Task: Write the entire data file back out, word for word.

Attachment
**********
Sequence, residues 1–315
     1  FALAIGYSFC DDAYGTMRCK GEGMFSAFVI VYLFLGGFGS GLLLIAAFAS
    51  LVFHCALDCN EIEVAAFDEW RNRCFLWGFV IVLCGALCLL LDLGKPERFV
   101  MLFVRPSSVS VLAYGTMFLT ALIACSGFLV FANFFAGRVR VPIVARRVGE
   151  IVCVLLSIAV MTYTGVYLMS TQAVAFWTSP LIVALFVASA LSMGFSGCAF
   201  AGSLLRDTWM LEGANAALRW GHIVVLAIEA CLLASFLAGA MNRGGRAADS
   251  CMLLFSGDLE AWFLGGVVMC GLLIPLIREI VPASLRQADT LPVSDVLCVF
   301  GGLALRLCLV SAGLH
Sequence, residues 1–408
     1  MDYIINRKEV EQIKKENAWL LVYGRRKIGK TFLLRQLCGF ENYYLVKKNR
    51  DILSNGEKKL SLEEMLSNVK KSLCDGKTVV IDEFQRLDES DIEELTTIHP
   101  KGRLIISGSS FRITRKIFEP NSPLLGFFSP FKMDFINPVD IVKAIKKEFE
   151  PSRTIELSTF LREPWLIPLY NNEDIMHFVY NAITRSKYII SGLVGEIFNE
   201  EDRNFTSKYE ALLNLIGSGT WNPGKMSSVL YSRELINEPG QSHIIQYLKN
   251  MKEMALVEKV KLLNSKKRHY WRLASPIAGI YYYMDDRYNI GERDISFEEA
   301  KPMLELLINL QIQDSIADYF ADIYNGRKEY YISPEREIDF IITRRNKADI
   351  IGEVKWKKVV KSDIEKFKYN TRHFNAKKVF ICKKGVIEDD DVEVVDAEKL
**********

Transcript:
Sequence, residues 1–315
     1  FALAIGYSFC DDAYGTMRCK GEGMFSAFVI VYLFLGGFGS GLLLIAAFAS
    51  LVFHCALDCN EIEVAAFDEW RNRCFLWGFV IVLCGALCLL LDLGKPERFV
   101  MLFVRPSSVS VLAYGTMFLT ALIACSGFLV FANFFAGRVR VPIVARRVGE
   151  IVCVLLSIAV MTYTGVYLMS TQAVAFWTSP LIVALFVASA LSMGFSGCAF
   201  AGSLLRDTWM LEGANAALRW GHIVVLAIEA CLLASFLAGA MNRGGRAADS
   251  CMLLFSGDLE AWFLGGVVMC GLLIPLIREI VPASLRQADT LPVSDVLCVF
   301  GGLALRLCLV SAGLH
Sequence, residues 1–408
     1  MDYIINRKEV EQIKKENAWL LVYGRRKIGK TFLLRQLCGF ENYYLVKKNR
    51  DILSNGEKKL SLEEMLSNVK KSLCDGKTVV IDEFQRLDES DIEELTTIHP
   101  KGRLIISGSS FRITRKIFEP NSPLLGFFSP FKMDFINPVD IVKAIKKEFE
   151  PSRTIELSTF LREPWLIPLY NNEDIMHFVY NAITRSKYII SGLVGEIFNE
   201  EDRNFTSKYE ALLNLIGSGT WNPGKMSSVL YSRELINEPG QSHIIQYLKN
   251  MKEMALVEKV KLLNSKKRHY WRLASPIAGI YYYMDDRYNI GERDISFEEA
   301  KPMLELLINL QIQDSIADYF ADIYNGRKEY YISPEREIDF IITRRNKADI
   351  IGEVKWKKVV KSDIEKFKYN TRHFNAKKVF ICKKGVIEDD DVEVVDAEKL